What to Know
- EPA testing from 2013 to 2015 found significant amounts of PFAS in public water supplies in 33 U.S. states
- PFAS have been in production since the 1940s, and there are about 3,500 different types
- The EPA says it will prepare a national management plan for the compounds by the end of the year
The Food and Drug Administration's first broad testing of food for a worrisome class of nonstick, stain-resistant industrial compounds found substantial levels in some grocery store meats and seafood and in off-the-shelf chocolate cake, according to unreleased findings FDA researchers presented at a scientific conference in Europe.
The FDA's disclosure is likely to add to concerns raised by states and public health groups that the Trump administration is not acting fast enough or firmly enough to start regulating the manmade compounds, called "forever chemicals." A federal toxicology report last year cited consistent associations between very high levels of the industrial compounds in peoples' blood and health risks but said there was not enough evidence to prove the compounds as the cause.
The levels in nearly half of the meat and fish tested were double or more the only currently existing federal advisory level for any kind of the widely used manmade compounds, which are called per- and polyfluoroalykyl substances, or PFAS.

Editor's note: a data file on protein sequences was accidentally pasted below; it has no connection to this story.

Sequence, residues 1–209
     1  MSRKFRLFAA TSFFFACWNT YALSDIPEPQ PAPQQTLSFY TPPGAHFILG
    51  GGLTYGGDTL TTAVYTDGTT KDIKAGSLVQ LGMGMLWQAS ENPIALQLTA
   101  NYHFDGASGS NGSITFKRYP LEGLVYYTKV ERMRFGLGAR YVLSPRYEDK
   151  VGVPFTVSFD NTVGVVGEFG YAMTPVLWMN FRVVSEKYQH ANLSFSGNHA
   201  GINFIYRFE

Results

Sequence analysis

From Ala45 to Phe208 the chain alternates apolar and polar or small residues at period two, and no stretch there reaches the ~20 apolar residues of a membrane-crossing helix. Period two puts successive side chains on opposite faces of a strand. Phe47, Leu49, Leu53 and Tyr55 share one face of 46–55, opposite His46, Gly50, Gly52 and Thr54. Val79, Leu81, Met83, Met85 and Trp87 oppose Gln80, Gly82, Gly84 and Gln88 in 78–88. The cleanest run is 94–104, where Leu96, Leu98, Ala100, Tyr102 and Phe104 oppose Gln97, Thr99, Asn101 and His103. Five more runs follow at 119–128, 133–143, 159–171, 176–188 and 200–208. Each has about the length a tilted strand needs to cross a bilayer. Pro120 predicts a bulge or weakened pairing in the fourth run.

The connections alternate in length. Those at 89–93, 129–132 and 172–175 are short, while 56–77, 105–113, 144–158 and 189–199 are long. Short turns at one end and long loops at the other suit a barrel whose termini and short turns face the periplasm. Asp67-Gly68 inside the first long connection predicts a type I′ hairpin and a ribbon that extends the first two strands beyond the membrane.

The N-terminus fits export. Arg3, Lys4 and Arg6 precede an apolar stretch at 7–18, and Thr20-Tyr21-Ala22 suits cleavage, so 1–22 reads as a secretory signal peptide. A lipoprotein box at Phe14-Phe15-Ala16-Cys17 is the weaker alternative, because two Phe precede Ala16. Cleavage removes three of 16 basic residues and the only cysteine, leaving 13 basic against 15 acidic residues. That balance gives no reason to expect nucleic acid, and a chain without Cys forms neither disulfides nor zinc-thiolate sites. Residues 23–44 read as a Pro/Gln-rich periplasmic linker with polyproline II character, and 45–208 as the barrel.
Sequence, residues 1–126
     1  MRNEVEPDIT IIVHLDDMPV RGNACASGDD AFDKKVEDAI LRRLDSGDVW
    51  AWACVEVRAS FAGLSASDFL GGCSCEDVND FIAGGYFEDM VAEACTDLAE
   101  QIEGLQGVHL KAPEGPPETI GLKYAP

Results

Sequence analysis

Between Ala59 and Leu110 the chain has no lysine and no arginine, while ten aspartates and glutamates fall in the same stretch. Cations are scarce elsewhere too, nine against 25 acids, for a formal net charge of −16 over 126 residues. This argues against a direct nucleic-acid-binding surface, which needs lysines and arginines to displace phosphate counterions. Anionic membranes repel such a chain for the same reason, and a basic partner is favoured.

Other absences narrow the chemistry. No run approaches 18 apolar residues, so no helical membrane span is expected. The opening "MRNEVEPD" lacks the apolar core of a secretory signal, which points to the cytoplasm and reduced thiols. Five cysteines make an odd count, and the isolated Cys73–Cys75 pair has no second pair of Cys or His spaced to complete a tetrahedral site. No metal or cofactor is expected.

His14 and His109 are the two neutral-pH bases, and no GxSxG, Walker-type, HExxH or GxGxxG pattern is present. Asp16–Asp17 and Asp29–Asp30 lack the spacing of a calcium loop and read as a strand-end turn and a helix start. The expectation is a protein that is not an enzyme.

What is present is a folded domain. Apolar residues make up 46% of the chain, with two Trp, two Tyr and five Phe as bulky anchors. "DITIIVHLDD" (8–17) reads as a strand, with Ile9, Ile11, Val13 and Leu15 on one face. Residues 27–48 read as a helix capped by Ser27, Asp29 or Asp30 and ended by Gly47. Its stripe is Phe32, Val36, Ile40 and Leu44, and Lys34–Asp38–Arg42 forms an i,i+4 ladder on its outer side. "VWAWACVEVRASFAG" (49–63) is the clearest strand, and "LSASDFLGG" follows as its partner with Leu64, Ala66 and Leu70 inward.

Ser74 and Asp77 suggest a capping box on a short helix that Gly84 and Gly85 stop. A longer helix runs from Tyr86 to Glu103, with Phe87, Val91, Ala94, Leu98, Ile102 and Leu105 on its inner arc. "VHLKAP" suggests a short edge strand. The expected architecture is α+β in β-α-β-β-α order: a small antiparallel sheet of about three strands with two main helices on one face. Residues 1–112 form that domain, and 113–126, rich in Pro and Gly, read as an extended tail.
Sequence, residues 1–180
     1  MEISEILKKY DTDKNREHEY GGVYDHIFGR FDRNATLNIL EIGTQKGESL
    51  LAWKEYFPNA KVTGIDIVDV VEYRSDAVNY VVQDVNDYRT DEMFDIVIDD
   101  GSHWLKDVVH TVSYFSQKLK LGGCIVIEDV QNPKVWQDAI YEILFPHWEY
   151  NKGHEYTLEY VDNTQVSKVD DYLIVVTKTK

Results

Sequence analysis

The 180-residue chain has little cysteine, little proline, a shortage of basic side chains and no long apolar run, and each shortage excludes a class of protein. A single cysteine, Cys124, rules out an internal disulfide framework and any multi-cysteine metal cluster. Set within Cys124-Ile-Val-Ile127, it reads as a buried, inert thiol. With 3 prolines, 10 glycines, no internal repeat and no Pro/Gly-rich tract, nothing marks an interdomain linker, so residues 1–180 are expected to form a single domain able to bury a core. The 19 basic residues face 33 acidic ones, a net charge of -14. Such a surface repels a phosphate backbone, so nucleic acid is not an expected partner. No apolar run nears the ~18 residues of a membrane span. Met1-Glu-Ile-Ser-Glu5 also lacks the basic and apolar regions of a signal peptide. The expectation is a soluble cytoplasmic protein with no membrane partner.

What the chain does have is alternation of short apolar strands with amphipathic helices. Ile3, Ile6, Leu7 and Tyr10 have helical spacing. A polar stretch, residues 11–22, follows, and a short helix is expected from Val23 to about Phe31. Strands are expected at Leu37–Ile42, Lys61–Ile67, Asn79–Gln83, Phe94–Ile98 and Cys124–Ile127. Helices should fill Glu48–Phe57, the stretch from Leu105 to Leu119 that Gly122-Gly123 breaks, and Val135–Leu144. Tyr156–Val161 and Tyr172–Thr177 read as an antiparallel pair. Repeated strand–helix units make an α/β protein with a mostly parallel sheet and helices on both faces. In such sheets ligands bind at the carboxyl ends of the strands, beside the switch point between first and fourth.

The level in the chocolate cake was higher: more than 250 times the only federal guidelines, which are for some PFAS in drinking water.
Food and Drug Administration spokeswoman Tara Rabin said Monday that the agency thought the contamination was "not likely to be a human health concern," even though the tests exceeded the sole existing federal PFAS recommendations, for drinking water.
As a handful of PFAS contaminations of food emerge around the country, authorities have deemed some a health concern but not others. The agency considers each discovery of the compound in food case by case, including the kind of food, levels of contamination, frequency of consumption and latest scientific information, Rabin said.